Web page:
Steve found Glick gregarious and unpretentious. Glick, whose wife had left him and their two children for another woman 1,000 miles away, had a brother who died of cancer. He felt he could relate to Steve’s pain. Steve asked Glick to travel to Australia to find information relevant to Scott’s death.
Glick had never done private investigative work but figured it was similar to reporting. “What’s different about it except the pay scale?” he said.
In May 2007, Glick visited Manly on Steve’s behalf. On his first day, he went jogging near North Head. There, he talked to a sewage worker who said he’d been working in the area for decades. Glick pointed to the cliff: Might it be a place where gay men met for sex?
“All the time,” the worker said. He and his coworkers often saw men hanging around a parking lot there and disappearing together into the bushes, which he called “love nests.” He recalled seeing naked men there, hearing “lovers’ spats,” and once stumbled upon men having sex. He said his colleagues had similar experiences.
In one day Glick had credible information that Blue Fish Point was a beat, a well-known beat, in fact, less than two miles from the Manly police station. How could cops not know about it?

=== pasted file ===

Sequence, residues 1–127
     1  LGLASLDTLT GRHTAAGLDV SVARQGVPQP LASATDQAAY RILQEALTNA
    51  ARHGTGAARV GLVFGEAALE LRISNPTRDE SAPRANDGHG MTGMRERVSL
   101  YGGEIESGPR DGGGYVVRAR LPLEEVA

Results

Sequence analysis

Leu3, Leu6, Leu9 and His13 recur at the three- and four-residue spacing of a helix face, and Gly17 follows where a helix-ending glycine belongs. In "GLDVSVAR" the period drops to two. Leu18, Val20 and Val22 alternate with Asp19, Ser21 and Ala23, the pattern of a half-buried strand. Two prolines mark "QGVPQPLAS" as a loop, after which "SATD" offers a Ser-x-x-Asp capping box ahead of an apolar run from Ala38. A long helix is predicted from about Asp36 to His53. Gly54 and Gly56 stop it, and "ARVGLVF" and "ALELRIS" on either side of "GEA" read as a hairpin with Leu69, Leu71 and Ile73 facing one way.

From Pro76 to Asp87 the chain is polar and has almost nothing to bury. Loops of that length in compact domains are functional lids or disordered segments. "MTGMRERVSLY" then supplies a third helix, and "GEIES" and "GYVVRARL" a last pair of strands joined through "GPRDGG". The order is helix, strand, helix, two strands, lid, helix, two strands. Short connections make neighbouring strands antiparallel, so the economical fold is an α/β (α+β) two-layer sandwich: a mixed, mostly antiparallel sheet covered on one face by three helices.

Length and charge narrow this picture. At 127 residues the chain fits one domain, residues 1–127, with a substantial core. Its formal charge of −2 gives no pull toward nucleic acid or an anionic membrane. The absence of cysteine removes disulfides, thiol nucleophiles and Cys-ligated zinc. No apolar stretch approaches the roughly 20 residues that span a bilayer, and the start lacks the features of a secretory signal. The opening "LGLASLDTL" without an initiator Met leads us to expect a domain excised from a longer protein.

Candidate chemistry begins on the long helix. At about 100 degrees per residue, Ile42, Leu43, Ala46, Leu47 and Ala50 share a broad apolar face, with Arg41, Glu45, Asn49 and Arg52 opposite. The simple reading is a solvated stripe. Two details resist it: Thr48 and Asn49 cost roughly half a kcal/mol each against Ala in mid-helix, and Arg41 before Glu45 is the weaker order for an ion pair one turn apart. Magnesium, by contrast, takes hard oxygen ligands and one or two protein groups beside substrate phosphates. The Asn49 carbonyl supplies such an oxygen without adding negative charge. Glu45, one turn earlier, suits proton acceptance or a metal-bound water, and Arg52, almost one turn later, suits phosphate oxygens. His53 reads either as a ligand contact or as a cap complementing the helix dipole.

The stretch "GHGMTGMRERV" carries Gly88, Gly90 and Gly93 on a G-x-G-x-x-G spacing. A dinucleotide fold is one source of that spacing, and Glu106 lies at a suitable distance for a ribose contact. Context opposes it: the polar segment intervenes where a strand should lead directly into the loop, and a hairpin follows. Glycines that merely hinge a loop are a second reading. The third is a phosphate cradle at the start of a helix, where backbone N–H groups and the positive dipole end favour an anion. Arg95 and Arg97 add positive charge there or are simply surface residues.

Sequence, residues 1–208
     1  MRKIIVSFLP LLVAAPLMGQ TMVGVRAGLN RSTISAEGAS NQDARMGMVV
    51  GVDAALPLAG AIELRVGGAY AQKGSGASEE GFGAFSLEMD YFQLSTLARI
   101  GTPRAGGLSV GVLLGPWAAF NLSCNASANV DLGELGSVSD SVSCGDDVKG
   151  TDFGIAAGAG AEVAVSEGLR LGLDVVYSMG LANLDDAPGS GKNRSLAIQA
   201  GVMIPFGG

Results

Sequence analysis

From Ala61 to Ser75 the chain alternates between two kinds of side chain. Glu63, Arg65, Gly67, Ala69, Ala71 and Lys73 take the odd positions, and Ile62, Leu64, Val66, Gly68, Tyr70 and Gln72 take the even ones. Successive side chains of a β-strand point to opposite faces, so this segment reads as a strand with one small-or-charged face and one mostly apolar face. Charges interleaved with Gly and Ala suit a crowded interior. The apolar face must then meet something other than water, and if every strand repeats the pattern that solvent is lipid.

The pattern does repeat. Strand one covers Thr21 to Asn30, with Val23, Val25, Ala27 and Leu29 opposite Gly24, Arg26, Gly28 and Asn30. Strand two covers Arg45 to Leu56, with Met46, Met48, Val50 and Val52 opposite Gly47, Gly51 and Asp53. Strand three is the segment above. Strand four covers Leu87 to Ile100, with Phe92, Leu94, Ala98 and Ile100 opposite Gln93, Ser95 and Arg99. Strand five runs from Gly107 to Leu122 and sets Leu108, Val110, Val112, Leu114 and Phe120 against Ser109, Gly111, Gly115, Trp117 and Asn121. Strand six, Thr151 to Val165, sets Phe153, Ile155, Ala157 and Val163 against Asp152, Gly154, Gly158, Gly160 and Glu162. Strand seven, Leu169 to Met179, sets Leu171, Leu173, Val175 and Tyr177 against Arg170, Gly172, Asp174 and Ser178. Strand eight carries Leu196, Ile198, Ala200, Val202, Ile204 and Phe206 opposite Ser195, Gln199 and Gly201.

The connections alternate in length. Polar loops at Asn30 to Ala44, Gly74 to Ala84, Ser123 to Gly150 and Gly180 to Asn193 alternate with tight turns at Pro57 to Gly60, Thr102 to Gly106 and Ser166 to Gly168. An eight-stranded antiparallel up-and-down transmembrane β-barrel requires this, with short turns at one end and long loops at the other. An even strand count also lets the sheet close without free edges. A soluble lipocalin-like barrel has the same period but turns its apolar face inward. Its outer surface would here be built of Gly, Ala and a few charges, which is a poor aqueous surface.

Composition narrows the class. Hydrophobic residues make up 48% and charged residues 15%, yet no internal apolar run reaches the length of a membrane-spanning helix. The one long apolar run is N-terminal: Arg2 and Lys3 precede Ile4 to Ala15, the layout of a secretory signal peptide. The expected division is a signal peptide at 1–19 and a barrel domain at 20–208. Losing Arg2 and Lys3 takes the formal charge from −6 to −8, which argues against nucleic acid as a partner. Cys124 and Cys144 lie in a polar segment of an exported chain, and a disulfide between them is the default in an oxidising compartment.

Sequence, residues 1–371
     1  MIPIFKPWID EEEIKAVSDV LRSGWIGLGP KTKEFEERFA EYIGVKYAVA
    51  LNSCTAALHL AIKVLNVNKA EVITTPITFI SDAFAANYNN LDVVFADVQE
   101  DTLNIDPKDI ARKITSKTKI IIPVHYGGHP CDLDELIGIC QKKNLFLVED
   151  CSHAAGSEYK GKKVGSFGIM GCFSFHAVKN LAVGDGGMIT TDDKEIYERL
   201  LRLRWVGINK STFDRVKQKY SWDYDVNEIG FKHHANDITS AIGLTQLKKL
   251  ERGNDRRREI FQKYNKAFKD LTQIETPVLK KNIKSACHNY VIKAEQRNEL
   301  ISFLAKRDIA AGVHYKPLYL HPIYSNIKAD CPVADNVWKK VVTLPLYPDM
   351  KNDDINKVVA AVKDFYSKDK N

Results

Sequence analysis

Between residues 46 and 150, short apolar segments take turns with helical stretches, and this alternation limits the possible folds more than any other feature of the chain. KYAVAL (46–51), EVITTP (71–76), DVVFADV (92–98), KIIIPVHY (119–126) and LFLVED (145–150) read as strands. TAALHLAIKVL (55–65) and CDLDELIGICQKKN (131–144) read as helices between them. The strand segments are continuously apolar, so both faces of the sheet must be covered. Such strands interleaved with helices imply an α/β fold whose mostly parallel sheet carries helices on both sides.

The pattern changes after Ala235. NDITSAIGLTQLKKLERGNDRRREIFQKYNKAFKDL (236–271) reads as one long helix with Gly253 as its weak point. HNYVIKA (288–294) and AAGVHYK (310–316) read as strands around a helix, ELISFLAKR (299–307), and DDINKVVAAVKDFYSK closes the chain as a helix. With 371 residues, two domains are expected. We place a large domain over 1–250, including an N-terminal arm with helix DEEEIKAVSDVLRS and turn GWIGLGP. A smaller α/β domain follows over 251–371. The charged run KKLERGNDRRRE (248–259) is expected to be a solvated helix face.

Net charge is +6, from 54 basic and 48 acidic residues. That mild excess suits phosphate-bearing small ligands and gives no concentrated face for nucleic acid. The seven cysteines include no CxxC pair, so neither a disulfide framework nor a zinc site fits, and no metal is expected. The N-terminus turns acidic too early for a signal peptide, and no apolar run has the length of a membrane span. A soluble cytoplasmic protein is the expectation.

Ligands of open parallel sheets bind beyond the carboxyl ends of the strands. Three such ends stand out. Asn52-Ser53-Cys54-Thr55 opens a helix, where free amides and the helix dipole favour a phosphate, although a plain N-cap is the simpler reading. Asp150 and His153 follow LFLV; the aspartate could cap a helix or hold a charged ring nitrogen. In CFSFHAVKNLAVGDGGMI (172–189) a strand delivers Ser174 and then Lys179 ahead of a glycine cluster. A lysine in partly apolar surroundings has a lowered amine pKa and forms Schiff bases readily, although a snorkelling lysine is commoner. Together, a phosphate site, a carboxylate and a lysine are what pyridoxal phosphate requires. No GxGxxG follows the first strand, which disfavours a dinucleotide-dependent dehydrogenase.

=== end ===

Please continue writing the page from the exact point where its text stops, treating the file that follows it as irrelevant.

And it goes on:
It didn’t take long for Glick to find gay men who’d had sex at Blue Fish Point. One said it was so secluded that men would strip and walk around naked while waiting for a partner to emerge. Another man, a 63-year-old nicknamed Sadie, said he had once taken off his clothes to “sunbake” at North Head and had sex with a man who plunged a knife into his back afterward and left him near the cliff. He pulled up his shirt and showed Glick his scar. Another guy described how men, while waiting for a partner, would remove their clothes and neatly fold them, a signal that they were ready for a rendezvous.